Successful Implementations in Lean
Continuous Improvement Is No Fish Story at High Liner Foods
By Karen Myhaver, Project Support Coordinator, MassMEP
High Liner Foods (USA) Inc. is the US subsidiary of the Canadian based company. In their Portsmouth, New Hampshire plant, they produce some of the country's highest quality frozen seafood under the Sea Cuisine and Fisher Boy® brands, as well as private label seafood products. Art Christianson, Vice President of Manufacturing, recognized the company's need to reduce the cost of goods sold in order to be more competitive. The company also needed to open up capacity and drive down warehouse costs. Internally, they had formed groups to review process improvement options; members of their supply chain were included, like their carton supplier. Through these activities it was determined that Lean training would be beneficial to the company. Soon after attending a public Lean event put on by the New Hampshire Manufacturing Extension Partnership (NH MEP) Christianson contacted project manager Christopher Tsakiris and arranged to have the NH MEP provide training to all one hundred twenty of High Liner's Portsmouth staff.
Christopher and other NH MEP associates facilitated seven TimeWise® LE107 Principles of Lean for the Process Industry events at the company. This training combines classroom work with hands on "factory" simulations so students can apply what they have learned. These exercises help familiarize employees with Lean principles, terms, and tools. High Liner employee groups also participated in Value Stream Mapping exercises which help to identify process problems and determine improvement strategies. Then they were taught how to utilize the Kaizen, a Japanese term which roughly means "to take apart and put back together in a better way," to make improvements and remove waste from their processes.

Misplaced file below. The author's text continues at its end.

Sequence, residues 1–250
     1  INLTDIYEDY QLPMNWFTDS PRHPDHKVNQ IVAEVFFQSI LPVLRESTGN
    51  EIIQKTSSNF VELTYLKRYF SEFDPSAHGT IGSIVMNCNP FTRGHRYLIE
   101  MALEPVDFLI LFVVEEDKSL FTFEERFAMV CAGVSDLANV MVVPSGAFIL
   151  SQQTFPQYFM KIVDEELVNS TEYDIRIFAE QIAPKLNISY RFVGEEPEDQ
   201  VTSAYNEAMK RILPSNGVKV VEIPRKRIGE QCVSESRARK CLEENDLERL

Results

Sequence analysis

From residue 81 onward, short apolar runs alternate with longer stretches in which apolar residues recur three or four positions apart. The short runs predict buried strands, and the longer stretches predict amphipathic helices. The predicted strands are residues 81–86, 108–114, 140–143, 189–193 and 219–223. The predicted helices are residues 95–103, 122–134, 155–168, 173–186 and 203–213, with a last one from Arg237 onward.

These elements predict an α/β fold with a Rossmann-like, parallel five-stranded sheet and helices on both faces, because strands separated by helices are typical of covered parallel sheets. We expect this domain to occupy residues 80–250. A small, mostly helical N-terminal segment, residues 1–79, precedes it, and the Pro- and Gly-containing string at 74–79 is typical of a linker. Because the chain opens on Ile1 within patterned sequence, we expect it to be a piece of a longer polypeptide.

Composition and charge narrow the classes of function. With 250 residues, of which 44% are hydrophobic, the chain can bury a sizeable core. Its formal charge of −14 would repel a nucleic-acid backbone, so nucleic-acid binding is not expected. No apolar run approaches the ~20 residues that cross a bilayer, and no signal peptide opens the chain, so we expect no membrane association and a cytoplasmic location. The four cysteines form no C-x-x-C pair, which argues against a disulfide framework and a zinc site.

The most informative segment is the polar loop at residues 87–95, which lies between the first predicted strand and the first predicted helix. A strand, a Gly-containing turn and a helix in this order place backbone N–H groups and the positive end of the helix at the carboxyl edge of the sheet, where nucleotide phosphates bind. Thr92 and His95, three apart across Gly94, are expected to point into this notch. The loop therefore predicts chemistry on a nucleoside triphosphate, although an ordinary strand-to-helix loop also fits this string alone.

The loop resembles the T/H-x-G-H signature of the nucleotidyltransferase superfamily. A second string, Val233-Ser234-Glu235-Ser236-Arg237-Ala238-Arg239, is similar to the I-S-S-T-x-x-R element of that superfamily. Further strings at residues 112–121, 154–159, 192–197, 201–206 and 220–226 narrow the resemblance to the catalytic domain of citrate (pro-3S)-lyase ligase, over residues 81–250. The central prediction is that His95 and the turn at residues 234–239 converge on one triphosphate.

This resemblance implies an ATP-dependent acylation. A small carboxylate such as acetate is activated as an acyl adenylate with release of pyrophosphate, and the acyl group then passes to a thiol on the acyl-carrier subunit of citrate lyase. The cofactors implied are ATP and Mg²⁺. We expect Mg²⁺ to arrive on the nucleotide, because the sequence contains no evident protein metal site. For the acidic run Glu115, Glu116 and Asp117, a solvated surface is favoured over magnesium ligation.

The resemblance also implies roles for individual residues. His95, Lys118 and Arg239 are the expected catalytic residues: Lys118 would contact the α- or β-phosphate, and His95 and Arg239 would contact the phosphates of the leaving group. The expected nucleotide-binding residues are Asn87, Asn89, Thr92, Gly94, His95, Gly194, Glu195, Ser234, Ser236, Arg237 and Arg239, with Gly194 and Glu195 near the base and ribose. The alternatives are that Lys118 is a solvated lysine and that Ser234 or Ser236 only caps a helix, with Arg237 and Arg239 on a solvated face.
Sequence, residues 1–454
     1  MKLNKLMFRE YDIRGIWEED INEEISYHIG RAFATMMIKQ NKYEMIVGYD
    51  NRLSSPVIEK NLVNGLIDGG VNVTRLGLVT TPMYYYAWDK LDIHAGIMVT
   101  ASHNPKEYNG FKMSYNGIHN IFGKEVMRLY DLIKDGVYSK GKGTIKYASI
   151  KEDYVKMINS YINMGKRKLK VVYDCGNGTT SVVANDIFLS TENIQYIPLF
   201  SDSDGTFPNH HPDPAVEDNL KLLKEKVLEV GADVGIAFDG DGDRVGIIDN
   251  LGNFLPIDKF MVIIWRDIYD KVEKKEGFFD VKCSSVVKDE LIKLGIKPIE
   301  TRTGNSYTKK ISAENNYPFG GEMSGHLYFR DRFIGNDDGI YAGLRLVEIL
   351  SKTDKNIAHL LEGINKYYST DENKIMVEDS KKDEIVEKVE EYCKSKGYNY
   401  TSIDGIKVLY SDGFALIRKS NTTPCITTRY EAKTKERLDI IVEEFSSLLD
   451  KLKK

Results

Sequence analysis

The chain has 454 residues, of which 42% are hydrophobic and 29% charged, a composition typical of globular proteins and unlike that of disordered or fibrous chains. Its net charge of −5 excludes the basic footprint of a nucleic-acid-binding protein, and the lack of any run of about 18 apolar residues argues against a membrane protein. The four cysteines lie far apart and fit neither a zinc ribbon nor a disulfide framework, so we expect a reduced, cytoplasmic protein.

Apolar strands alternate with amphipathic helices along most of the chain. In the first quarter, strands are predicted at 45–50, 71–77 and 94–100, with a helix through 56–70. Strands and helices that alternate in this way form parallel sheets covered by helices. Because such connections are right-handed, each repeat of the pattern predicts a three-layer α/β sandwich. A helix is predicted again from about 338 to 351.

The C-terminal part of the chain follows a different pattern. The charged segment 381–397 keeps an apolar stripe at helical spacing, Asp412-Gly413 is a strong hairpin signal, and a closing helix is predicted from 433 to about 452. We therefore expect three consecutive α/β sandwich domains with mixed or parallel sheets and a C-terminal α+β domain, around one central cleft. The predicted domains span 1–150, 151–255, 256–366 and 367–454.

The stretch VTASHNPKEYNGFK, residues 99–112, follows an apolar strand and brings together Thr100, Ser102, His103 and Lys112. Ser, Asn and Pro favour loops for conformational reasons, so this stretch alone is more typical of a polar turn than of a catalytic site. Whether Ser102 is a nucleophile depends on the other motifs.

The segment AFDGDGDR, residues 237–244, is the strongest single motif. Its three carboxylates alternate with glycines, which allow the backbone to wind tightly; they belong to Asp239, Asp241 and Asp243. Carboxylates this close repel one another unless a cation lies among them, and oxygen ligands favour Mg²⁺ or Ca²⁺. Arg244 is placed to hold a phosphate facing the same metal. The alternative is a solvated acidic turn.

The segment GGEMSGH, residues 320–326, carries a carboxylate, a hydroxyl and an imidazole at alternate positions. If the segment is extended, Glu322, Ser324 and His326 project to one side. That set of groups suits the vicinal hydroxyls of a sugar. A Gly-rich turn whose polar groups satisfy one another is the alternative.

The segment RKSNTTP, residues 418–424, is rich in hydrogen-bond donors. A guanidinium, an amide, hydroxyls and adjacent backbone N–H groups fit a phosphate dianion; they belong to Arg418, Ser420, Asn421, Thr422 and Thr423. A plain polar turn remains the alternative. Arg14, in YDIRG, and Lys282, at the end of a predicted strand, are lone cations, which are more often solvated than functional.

Waste Streams Kaizen Yields Cost Savings of $250,000+ Per Year
The High Liner plant needed to cut down on the waste that was generated during production. By using Value Stream Mapping, a cross functional team of employees from all departments analyzed the areas of the process that generated the waste streams and identified continuous improvement ideas which would reduce or eliminate unnecessary costs and even generate additional revenue to the facility. Improvements were made to overall fish utilization for greater yield and better retention of the bread crumbs on the product. This enhanced overall product quality as well as eliminated waste. Paper board is now being recycled rather than disposed of. As a result of these efforts, High Liner Foods (USA) has seen an overall costs savings of more than $250,000 dollars a year.
Warehouse Kaizen Reduces Freight and Warehousing Costs
High Liner was utilizing several refrigerated warehouse locations throughout the country to store and distribute its products. The cost of storage and of transporting between facilities was significant. A Kaizen event was held focusing on warehouse utilization. The ideas that were generated and implemented had a tremendous impact on the company's storage and freight bottom line. Other positive results included making the best use of space in the current freezer by racking and pallet optimization - changes in how the stored products are configured and what constituted a "full" pallet. The improvement in space utilization, combined with freight cross- docking, helped reduce freight costs and eliminate the number of outside warehouses needed for storage.